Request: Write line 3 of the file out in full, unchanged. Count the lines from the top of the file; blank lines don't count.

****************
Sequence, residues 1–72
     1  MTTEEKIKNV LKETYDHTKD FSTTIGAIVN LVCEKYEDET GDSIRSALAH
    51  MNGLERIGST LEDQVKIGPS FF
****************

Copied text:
    51  MNGLERIGST LEDQVKIGPS FF